Neurocysticercosis Diagnosed in a Patient with Taenia sagina | 46689

Primary Health Care: Open Access

ISSN - 2167-1079


Neurocysticercosis Diagnosed in a Patient with Taenia saginata Taeniasis after Administration of Praziquantel: A Case Study and Review of the Literature

Toni Wandra, Raka Sudewi, Ni Made Susilawati, Kadek Swastika, I Made Sudarmaja, Luh Putu Eka Diarthini, Ivan Elisabeth Purba, Munehiro Okamoto, Christine M. Budke and Akira Ito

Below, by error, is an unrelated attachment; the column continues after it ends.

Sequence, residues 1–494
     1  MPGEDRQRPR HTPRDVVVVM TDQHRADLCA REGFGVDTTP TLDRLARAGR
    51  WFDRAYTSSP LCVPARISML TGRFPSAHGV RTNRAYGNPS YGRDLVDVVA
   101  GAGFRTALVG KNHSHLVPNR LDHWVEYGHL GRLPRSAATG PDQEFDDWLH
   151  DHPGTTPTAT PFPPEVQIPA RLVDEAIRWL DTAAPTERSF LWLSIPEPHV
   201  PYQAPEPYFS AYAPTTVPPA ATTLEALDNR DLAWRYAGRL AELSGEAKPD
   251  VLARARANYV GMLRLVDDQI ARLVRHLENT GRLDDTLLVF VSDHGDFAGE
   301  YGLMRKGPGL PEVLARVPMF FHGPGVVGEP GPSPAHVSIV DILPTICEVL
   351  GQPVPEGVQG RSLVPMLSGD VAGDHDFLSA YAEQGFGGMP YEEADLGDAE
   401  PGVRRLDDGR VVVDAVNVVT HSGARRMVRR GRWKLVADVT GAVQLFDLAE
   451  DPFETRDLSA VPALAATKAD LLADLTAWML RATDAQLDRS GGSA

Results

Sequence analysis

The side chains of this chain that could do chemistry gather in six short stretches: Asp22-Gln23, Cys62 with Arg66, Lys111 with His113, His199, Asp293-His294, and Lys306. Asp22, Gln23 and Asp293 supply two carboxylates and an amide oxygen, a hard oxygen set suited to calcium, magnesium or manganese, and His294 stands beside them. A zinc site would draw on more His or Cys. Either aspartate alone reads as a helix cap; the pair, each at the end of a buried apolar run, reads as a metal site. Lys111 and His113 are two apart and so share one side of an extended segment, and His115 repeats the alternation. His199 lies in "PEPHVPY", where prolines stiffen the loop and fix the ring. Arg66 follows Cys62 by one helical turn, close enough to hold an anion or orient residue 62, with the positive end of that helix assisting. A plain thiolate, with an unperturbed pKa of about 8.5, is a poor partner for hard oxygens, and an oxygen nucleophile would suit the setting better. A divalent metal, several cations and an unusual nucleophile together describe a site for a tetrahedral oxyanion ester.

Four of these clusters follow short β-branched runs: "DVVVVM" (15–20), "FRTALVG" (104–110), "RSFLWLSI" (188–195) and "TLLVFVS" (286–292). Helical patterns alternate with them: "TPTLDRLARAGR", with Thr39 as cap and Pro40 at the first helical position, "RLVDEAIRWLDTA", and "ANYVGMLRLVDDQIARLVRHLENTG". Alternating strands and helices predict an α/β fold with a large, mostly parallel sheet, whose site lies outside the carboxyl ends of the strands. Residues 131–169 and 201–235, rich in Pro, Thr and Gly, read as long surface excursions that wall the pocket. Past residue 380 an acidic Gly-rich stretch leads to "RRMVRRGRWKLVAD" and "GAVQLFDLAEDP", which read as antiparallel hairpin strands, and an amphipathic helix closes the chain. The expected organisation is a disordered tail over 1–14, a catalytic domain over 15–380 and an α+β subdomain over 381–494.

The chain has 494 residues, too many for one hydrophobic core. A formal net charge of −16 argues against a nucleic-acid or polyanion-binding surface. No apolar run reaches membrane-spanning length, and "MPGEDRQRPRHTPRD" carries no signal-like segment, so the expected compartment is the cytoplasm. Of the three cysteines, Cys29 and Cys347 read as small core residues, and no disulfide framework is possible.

Taeniasis, caused by infection with Taenia saginata or Taenia solium, occurs on Bali due to the consumption of undercooked beef and pork, respectively. Fieldwork conducted on Bali from 2002-2007, identified 69 taeniasis cases due to T. saginata. In August 2007, three T. saginata tapeworm carriers in the Gianyar district of Bali were treated with a single dose of praziquantel. Within a few hours of treatment, a 47 year old man had a seizure and was admitted to a hospital in the city of Denpasar. A computed tomography (CT) scan revealed two cystic lesions in the man’s brain. Serology showed specific antibody responses to T. solium metacestode antigens. The patient was, therefore, diagnosed with a dual infection of T. solium neurocysticercosis (NCC) and T. saginata taeniasis. This case report is illustrative of the risk of veiled NCC in areas where T. saginata and T. solium are co-endemic. As globalization increases, the possibility of co-infections will continue to rise and researchers and physicians participating in mass drug administration programs will need to be vigilant in their monitoring for adverse effects.